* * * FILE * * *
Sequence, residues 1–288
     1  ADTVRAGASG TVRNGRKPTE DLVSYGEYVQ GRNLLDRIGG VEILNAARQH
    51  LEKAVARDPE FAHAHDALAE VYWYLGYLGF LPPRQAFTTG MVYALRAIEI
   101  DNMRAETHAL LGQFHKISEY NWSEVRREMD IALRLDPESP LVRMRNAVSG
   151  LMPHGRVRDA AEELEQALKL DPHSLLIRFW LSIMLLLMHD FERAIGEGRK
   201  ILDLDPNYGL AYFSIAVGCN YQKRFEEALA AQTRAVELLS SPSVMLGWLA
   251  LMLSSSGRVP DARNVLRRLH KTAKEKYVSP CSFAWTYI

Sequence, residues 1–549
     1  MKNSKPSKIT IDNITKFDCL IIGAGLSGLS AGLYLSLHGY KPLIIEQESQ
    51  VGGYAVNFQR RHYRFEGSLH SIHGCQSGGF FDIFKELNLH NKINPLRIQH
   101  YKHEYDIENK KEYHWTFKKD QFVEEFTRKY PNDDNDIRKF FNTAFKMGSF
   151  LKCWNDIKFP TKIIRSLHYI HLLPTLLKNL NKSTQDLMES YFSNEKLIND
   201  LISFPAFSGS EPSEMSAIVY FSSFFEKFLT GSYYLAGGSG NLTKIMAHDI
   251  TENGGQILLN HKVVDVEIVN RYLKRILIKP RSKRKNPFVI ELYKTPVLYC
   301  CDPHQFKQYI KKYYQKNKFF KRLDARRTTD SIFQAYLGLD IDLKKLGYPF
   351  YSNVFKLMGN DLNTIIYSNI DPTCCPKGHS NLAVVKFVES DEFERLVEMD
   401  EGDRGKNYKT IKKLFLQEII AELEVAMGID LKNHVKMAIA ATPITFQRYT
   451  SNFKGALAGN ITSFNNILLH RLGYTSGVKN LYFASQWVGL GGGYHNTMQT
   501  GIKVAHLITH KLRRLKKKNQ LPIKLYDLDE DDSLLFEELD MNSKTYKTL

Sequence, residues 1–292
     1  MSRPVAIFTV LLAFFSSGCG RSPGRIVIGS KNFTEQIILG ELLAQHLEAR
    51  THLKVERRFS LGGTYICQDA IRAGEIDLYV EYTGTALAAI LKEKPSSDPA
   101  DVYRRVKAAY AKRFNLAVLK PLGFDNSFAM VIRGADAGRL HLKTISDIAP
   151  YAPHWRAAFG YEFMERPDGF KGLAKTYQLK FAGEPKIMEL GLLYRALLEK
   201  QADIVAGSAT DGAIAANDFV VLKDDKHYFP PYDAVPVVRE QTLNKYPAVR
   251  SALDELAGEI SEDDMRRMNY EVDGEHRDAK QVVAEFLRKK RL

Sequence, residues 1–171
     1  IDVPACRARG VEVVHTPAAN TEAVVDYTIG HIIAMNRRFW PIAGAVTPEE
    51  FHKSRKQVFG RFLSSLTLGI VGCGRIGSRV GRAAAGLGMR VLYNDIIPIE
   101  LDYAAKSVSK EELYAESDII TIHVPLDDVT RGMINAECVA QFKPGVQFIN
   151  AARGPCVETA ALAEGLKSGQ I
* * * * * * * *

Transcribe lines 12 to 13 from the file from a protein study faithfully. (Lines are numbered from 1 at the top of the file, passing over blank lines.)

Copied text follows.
   151  LKCWNDIKFP TKIIRSLHYI HLLPTLLKNL NKSTQDLMES YFSNEKLIND
   201  LISFPAFSGS EPSEMSAIVY FSSFFEKFLT GSYYLAGGSG NLTKIMAHDI